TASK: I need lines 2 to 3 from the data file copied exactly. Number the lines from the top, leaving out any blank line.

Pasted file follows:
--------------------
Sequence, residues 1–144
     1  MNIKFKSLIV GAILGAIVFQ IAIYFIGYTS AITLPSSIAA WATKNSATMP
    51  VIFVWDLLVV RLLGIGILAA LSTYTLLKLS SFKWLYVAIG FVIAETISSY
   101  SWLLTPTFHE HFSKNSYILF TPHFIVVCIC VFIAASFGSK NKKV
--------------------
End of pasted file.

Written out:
     1  MNIKFKSLIV GAILGAIVFQ IAIYFIGYTS AITLPSSIAA WATKNSATMP
    51  VIFVWDLLVV RLLGIGILAA LSTYTLLKLS SFKWLYVAIG FVIAETISSY